Written by Insiya Huzaifa
Cedar College, Karachi
As the years have gone by, the changing political culture, disorderly planning and increase in urbanization have contributed to the area of Old Town becoming a forgotten refuge for Karachi’s heritage. There has been an evident change in the development and maintenance of infrastructure throughout this time period, some complementing the olden look and some proving to be unaesthetic to the eye. However, the overall appearance of the area has gone from being a graceful, central location to being an area demanding conservation.
As urban populations increased, it was soon realized that old city areas were not planned to adequately provide communication infrastructure, warehouses, residential expansions etc. causing people to move out to newer locations leaving Old Town in the hands of political lobbies and hence, unattended. The colonial style architecture made the area central to the cultural and social life of the city but these buildings can no longer persevere as increased commercial activities have led large areas of Old Town to become unofficial warehouses and many historic buildings have been demolished and replaced. Karachi’s inner city markets have extended from obliging to a population of four hundred and fifty thousand in 1947 to supplying a population of ten million in 1998 causing the old community organizations and establishments to come to an end.
A typical sight in that region that highlights the difference between buildings in two separate eras, is the juxtaposition of colonial style residential homes on Kutchery Road that consist of two to three stories, with the upper floors being the residence and the bottom floors being a shop, with apartment style buildings. The former were built from sandstones with some having gothic style, Hindi architectural traits shown by sturdy grills and block like structures. The apartments on the other hand reflect an urban yet poorly executed agenda to fit in small, habitable homes for the increasing population constructed with plastered, cement blocks that have a plainer look than the intricate designs on the historical buildings, most of which are left unkempt, showing us how the area has faced social degradation.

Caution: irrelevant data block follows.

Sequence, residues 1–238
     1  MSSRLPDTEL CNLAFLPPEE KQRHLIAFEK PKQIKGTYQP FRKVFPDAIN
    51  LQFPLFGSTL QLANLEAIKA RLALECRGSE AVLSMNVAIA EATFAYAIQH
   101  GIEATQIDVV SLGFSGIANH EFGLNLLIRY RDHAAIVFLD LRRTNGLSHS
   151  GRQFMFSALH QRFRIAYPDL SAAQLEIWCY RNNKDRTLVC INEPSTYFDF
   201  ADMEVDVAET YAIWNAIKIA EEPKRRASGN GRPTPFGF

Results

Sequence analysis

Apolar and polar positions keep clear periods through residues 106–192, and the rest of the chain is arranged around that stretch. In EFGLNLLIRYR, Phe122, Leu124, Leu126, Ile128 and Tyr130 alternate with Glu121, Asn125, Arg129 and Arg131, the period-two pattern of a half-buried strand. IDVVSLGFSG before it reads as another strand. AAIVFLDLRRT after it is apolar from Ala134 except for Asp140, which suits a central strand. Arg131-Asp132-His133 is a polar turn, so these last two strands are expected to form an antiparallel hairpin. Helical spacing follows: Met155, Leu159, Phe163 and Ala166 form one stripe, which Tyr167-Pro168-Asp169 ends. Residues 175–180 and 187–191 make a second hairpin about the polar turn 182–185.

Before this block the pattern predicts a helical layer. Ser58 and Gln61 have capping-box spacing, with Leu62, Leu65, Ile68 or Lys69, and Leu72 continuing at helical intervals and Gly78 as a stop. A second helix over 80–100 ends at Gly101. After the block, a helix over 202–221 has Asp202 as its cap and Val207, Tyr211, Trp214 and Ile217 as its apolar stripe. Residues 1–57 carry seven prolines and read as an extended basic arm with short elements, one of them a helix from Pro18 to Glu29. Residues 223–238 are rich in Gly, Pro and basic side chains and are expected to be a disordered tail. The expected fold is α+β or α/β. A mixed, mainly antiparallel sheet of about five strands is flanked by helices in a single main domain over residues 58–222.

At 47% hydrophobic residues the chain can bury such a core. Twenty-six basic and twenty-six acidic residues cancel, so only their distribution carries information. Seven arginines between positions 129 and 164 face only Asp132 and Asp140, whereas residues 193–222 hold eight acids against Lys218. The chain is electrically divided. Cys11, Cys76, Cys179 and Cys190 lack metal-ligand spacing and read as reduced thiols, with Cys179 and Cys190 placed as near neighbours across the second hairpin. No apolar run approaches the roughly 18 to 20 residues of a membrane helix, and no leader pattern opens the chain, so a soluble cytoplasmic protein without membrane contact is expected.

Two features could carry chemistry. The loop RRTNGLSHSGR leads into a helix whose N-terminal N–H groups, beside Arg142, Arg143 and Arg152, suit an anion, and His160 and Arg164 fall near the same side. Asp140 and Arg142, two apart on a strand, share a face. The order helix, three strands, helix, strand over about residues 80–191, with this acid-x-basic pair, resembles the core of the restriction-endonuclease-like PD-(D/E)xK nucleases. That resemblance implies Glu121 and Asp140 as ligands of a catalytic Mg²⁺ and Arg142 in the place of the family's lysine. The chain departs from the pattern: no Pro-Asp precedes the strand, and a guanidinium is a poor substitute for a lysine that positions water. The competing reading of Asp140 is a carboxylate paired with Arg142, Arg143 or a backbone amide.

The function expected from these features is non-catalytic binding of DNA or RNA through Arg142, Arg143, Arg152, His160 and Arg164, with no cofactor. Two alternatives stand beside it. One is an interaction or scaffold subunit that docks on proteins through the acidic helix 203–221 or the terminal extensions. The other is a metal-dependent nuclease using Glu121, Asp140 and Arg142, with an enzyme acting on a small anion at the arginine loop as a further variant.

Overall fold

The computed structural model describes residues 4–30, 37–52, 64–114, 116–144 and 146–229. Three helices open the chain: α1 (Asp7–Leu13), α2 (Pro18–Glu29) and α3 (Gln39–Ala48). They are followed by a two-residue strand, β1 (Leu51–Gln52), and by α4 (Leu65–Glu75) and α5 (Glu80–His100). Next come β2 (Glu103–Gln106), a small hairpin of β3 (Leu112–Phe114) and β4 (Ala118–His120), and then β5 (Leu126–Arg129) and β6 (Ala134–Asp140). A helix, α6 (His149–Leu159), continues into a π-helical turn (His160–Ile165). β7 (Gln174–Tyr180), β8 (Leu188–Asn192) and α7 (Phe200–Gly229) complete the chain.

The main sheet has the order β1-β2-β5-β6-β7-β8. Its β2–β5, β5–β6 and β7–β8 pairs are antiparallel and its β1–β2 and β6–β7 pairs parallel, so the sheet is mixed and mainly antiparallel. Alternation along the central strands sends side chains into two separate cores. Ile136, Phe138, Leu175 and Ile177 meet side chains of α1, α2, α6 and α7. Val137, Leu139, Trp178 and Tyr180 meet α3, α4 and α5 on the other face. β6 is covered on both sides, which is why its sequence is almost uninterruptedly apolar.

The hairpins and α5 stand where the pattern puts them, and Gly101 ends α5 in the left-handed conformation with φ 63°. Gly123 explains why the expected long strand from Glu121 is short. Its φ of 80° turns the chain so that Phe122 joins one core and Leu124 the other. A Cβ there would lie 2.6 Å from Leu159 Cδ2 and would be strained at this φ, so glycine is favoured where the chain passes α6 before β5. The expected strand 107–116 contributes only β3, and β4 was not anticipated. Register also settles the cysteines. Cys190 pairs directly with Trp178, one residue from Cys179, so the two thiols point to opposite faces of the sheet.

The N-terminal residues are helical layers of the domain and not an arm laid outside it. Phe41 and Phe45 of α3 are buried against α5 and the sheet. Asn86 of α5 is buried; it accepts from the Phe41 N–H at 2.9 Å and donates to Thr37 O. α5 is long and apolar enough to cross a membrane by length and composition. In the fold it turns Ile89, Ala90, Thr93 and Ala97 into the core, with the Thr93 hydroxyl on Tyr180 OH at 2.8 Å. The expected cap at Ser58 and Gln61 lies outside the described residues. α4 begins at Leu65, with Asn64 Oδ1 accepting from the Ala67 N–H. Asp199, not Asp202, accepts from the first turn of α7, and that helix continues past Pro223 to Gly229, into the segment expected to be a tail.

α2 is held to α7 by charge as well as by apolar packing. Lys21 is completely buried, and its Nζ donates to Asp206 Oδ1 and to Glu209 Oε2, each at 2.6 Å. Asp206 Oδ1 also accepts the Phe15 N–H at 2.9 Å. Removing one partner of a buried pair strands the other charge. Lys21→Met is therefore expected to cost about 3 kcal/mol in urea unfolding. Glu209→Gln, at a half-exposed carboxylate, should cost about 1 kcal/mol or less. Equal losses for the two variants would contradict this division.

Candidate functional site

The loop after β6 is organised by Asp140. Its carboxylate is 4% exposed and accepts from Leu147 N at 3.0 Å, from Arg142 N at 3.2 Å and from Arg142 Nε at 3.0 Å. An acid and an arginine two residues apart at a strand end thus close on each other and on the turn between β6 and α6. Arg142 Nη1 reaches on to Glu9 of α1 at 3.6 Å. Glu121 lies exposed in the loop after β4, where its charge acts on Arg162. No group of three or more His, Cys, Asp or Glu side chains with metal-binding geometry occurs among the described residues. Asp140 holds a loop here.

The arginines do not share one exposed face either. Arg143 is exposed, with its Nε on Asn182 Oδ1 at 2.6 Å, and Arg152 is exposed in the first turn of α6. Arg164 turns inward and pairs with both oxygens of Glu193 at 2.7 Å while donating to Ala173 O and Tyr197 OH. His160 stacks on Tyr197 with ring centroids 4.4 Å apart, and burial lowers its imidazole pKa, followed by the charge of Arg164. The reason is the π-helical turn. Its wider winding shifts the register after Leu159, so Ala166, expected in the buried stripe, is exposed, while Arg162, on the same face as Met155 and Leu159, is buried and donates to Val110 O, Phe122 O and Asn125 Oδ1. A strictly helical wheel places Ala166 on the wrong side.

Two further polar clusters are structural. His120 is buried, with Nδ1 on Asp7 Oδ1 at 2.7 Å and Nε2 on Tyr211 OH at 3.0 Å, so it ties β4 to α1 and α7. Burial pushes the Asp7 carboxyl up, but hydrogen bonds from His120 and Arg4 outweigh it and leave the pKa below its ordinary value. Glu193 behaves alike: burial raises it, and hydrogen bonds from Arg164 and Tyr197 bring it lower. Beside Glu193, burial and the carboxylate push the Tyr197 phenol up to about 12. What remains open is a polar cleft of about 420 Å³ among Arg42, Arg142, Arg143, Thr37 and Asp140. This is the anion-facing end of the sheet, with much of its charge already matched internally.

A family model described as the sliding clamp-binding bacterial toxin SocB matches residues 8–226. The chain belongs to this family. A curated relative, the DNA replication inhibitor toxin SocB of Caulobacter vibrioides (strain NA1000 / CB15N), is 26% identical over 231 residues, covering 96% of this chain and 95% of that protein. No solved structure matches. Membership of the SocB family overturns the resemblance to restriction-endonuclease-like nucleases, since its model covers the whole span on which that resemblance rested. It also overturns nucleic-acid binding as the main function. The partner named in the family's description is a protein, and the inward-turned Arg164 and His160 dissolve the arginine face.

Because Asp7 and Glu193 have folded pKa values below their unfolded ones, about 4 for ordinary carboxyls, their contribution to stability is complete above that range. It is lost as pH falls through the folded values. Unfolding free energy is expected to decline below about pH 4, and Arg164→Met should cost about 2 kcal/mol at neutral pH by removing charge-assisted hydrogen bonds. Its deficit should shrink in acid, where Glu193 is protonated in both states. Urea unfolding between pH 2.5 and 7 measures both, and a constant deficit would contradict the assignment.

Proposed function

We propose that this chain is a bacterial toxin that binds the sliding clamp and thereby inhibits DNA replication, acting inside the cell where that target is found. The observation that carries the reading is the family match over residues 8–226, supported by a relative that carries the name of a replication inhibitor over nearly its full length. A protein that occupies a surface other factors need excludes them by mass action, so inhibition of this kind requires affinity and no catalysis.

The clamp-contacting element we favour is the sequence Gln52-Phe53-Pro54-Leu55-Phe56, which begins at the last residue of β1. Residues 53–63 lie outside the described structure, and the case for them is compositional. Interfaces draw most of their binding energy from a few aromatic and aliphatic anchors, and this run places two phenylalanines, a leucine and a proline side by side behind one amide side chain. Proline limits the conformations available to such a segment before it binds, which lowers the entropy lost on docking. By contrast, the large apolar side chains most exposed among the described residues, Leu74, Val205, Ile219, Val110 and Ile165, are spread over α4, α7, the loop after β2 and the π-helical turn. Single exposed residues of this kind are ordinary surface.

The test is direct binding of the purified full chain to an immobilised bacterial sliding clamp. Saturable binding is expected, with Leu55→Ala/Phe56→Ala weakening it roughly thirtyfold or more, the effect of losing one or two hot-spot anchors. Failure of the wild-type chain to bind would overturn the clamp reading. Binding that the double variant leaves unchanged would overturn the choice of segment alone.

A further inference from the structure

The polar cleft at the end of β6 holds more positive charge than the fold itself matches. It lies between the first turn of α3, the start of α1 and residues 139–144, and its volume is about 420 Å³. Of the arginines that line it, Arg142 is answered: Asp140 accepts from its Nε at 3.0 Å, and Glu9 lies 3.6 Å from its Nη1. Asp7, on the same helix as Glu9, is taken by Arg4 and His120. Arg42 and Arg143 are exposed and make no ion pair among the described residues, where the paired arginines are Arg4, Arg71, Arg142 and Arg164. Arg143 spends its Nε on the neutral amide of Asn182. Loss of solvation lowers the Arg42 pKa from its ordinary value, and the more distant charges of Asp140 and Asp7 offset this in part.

One of the sights depicting the former times is the placement of gaps between buildings to let in sunlight and ventilation. A lot of buildings are situated in such a way as to form an unintentional courtyard amongst them such as those in the New Cloth Market on M.A Jinnah Road which provides a feeling of openness, especially in the hot climate. Another trademark of the colonial era is the use of carved pillars made of sandstone as seen at Denso Hall which gives it structural beauty as they are placed in a circular fashion throughout the library. These types of pillars can also be seen at a water trough across the Qamar House. These days, unfortunately, what is left of a lot of beautiful buildings is simply the outer facade such as the Shikarpur Cloth Market. From afar, it seems to be a heritage sight whereas when you enter, you face deflation as you find it to actually be a parking lot.
There are however, buildings that have added modernization to the area such as the Anjarwala Building on Shahrah e Liaquat which itself is a franchise that has been around for decades so one would think that the bakery would fit right into the visual of Old Town. It’s dark grey colour, sliding glass windows and the cube like structures in its silhouette indeed give it an aesthetic look but when you back up and take the entire area into view, the building provides a contradictory impression when compared to the heritage buildings around it.
There is a lack of balance between moving forward in the world through urbanization and preserving our history, which if found, could bring back optimal utilization of what Old Town has to offer.